In 1984, the first season of The Transformers introduced nearly fifty Transformer characters to audiences around the world, virtually all of which were released as toys — all, that is, save one significant exception.
Skyfire, largest of the original Autobot characters, played a pivotal role in two early episodes and appeared throughout the remainder of the season (as well as the Marvel comics). A Skyfire Transformer, however, was never produced, which may explain why the character disappeared after the first season. Now, however — over two decades later — we finally have a Skyfire toy.
Given the character was designed first, and the toy subsequently based on the animated design (as opposed to the first ninety Transformers released, that were toys to begin with), a great deal of compromise was required in designing the Skyfire toy. The booster-rocket backpack, for instance, is clearly modeled after the Macross Valkyrie design — as is the fuselage — and bears little resemblance to Skyfire’s jetpack.
I may custom-build my own alternative backpack for this toy later on, just to bring it closer to the animated depiction.
In 1986, Transformers: The Movie established a whole new cast of characters, settings, and even lifeforms to the mythology, most notably the biorganic Quintessons.
While almost all the new Autobots, Decepticons, Junkions, and even Sharkticons depicted in the film were represented in toy form, none of the Quintesson designs were released. Now, however — over two decades later — we finally have Quintesson toys.
To the best of my knowledge, these are only available through certain online retailers, or auction sites like eBay (where I got mine). There’s nothing to indicate they’re a legitimately-licensed product, or that “Impossible Toys” has even had contact with Hasbro or Takara regarding rights issues… Indeed, look at their bare-bones Website and you’ll see that Transformers nomenclature like “energon” and “Kremzeek” aren’t even spelled correctly! Still, since no legitimate toys of these characters were ever produced back in the day, I welcome the work of anyone with the resources to mass-produce their custom figures for collectors like myself, especially when they’re done with this level of sophistication and quality. Note the transparent plastic stands are designed to light up, representing the beams of light these creatures travel around on.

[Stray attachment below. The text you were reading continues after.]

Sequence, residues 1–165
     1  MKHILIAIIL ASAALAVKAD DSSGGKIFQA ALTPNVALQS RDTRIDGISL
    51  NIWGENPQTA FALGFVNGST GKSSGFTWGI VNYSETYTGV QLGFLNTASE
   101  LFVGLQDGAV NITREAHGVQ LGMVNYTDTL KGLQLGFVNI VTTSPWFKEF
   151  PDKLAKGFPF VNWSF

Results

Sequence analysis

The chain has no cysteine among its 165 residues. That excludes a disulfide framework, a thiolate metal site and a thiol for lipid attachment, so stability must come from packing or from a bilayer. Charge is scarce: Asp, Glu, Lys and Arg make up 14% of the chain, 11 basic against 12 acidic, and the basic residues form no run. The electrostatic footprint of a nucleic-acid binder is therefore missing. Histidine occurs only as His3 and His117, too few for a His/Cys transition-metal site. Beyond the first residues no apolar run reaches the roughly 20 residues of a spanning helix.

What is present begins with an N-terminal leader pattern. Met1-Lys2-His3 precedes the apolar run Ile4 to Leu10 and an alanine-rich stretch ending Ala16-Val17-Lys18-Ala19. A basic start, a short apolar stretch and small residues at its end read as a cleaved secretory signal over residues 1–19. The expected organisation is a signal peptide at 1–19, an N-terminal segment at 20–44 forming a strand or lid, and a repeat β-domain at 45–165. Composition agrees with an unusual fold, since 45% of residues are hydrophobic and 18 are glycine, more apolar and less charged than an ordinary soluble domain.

They may not be licensed Transformers product, but they suffer from the same problems that plague all legitimate Transformer toys — they’re not to scale with each other. While the Quintesson Judge character seems designed in scale with the classic movie toy line (most notably the Sharkticon), the Scientist was clearly produced at a much larger scale, making it appear about three times larger than it should next to the Judge. Note the relative scales of Quintesson (Judge), human (Spike), and Autobot (Ultra Magnus) as depicted in the original Transformers TV series:
The Quintesson Scientist, by comparison, is not much taller than the human it captures.
Thus, despite all the myriad scales that Transformers toys have been released in to date, the Quintesson Scientist is to scale with… none whatsoever. I guess I’ll have to display him with my Star Wars figures or something.
Toy companies make mistakes like this all the time; dedicated fans, however, ought to know better.
In 1987, the first Bubblegum Crisis animated video was released, depicting a quartet of female vigilantes-for-hire fighting sophisticated androids in a dark future Tokyo.
In a market overwhelmingly dominated by male action heroes and robots as big as buildings, the women protagonists and their form-fitting armored “hardsuits” left a lasting impression on the anime scene. Of particular note were the transformable motorcycles, called “Motoslaves.”
Despite numerous sequels, spin-offs, and a TV series remake, very little Bubblegum Crisis merchandise was ever released, much less transformable toys. (Fan-produced garage kits and unpainted soft-vinyl figures were as close as we got.) Now, however — over two decades later — we finally have a Motoslave toy.
Not only does it make an imposing robot, but it transforms into a kick-ass motorcycle for the figure to ride, too!
Note how closely the sculpt reproduces the animation models designed way back in the ’80s, both in motorcycle and robot modes:
And of course, just as it appears in the animated series, the Motoslave robot also acts as an exoskeleton for the pilot.
See the Priss figure inside?
The animation never really did justice to the brilliance of Shinji Aramaki’s mecha design, and (like the “movie color” Macross SDF-1 I reviewed earlier) it takes a really accurate toy to illustrate the sophistication and elegance of the Motoslave.
An extremely well-illustrated Japanese review of the toy can be found here.
The real question, of course, is why did we have to wait over twenty years for all these wonderful toys to come out?!